Epicurious Eating: El Fandango
Culinary derivatives of the Old West?
Published Thursday, 17-Dec-2009 in issue 1147
Dining after sunset early in the week has become so abysmally low-beat in this static economy that you can essentially show up at restaurants wearing sweats and fuzzy slippers without being spotted by anyone you know. With colder nights and the holiday season upon us, your chances of walking into completely lifeless dining rooms are even greater.
Touristy Old Town is no exception.
Visiting El Fandango at about 7:30 p.m. on a Monday, my companion and I arrived to a packed parking lot (accessible from Juan Street), but only to discover that the entire patronage was clustered in an upstairs banquet room for a private party. Ample parking was available on the street, a normally rare finding in these necks.
From start to finish, we were the lone customers in a Spanish-themed ramada warmed by an active fireplace and embellished with wood beam ceilings, stone-tile flooring and antiquated oil paintings. Bric-a-brac is kept to a minimum, although not so charming is bright overhead lighting that demands a dimming switch. From the bar area is a partially covered outdoor patio brimming with shrubbery that appears to offer fun possibilities in warmer weather.
The preface on El Fandango’s menu summarizes in choppy grammar fleeting cooking patterns that occurred in this region from 1846 to 1856, thus claiming to capture them in dishes such as ginger-chicken salad, super nachos and crab-stuffed shrimp. Food historians would surely argue the menu’s inference stating that these recipes “reflex” the culinary influences introduced specifically during that period by French, English, Hawaiian and Alaskan émigrés. It’s plausible that the Spaniards were folding beef and seafood into tortillas while local Indians reveled in game. But was anyone back then really stuffing lamb chops with feta cheese and mushrooms?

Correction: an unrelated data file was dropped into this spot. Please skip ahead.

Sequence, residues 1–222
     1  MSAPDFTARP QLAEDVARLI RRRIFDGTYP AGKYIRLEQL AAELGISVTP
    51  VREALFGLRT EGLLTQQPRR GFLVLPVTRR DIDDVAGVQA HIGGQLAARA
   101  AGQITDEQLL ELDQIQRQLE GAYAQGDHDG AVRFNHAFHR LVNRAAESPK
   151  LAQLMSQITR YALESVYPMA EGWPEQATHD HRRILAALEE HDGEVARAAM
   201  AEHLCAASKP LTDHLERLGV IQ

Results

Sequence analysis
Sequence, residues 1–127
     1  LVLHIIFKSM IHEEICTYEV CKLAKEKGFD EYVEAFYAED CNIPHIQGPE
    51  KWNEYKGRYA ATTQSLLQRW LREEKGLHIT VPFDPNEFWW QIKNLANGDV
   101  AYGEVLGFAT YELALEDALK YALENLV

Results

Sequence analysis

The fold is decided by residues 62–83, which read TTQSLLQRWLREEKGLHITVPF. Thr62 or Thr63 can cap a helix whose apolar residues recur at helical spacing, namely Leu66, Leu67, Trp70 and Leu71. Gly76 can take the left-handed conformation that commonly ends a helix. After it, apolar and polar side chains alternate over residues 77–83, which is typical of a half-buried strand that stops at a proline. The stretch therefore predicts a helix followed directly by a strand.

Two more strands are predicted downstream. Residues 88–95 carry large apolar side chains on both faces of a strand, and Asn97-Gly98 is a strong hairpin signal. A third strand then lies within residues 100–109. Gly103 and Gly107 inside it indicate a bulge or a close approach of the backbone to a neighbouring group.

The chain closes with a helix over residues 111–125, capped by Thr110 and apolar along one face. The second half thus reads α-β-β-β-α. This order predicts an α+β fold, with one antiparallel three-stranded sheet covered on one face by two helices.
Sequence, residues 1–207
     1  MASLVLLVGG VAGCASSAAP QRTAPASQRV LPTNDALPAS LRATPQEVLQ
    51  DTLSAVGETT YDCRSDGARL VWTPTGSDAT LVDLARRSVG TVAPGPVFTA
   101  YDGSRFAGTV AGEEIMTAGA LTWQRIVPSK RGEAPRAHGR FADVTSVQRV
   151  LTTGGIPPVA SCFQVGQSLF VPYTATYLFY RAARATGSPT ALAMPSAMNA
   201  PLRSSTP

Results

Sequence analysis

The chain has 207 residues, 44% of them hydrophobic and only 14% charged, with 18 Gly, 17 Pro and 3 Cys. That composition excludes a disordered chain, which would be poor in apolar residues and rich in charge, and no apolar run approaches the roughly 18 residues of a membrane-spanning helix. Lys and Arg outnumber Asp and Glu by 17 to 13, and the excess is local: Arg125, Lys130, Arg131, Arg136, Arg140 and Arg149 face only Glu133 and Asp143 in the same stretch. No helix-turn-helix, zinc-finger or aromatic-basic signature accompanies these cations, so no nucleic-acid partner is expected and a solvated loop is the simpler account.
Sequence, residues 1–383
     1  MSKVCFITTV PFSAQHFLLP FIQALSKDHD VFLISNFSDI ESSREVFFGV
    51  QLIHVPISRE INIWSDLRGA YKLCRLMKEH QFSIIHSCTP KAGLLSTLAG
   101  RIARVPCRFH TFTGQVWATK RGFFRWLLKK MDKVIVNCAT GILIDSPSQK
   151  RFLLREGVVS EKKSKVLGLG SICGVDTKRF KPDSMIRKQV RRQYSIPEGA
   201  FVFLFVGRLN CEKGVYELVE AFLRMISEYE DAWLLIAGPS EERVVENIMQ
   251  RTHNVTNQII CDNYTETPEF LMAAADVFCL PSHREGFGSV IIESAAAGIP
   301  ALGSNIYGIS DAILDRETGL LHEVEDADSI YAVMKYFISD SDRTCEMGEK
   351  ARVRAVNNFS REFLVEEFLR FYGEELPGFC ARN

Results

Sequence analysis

In its jumbled flaunt of historically cosmopolitan cuisine, the menu progresses into more traceable preparations of fish, mole sauces and chicken-stuffed crepes drenched in tarragon-cream sauce, an obvious French-inspired dish that magnetized my companion’s fork and must have incited somersaults among the early “Californios.”
An appetizer of shrimp Consuelo, however, failed to deliver the French kiss promised in its description. The crab-stuffed crustaceans swirled in bacon were supposed to come with Béarnaise sauce, but instead came with sour cream. A pair of empanadas better captivated us with their homey hash-like filling of ground beef, potatoes and carrots encased in what seemed like fresh croissants. Moist and steamy in the traditional Spanish style, the accompanying salsa served no purpose.
Fandango’s albondigas soup was also a winner, nurturing every membrane of our mouths with its cilantro-infused broth dancing in lockstep with clear beef juices. Immersed in each of our bowls was a large hamburger-rice meatball providing savory texture – and heartbreak when they were gone.
Despite the restaurant’s international aim, most dishes are laced with common Mexican elements – guacamole, Jack cheese and mildly seasoned rice. The refried beans leave satisfying aftertastes of garlic and cumin. And naturally, there are tacos, burritos, enchiladas and combinations thereof, not to mention complimentary table chips served with safely spiced salsa to oblige visiting convoys from the Prairie States.
In addition to the aforementioned chicken crepes, which would have been flawless with half the amount of tarragon sauce, we rounded out our entrée course with “hauchinango,” a filet of grilled red snapper covered prudently in tomato Vera Cruz. The chunky red topping, which originates from the namesake southern Mexican state straddling the Gulf, lacked the classic garlic punch, but rightfully captured the flavors of thyme, bay leaves and jalapeno pickling juices. Pity the fish wasn’t as moist.
For dessert we split a slice of homemade cheesecake lacking any gourmet surprises, just creamy filling set over thin graham cracker crust.
The margaritas on the other hand pack walloping blows of tequila. They’re available in several varieties, including one sweetened with Midori melon liqueur, which converts the drink from frothy white to groovy green.
Service was erratic. Our soup came rushing at us before we could finish half of our appetizers, and at one point I stole from a nearby table to replace our silverware. Spent plates weren’t bussed in a timely manner, or in the case of our emptied entrées, those plates idled at the table until our bill arrived. Our waiter was nonetheless gracious as he earnestly aspired to formality.
Would I send visitors here who are deprived of Mexican food in their hometowns? Absolutely. Were we convinced that El Fandango’s menu afforded us a snapshot of mid-19th-Century eating? Not really.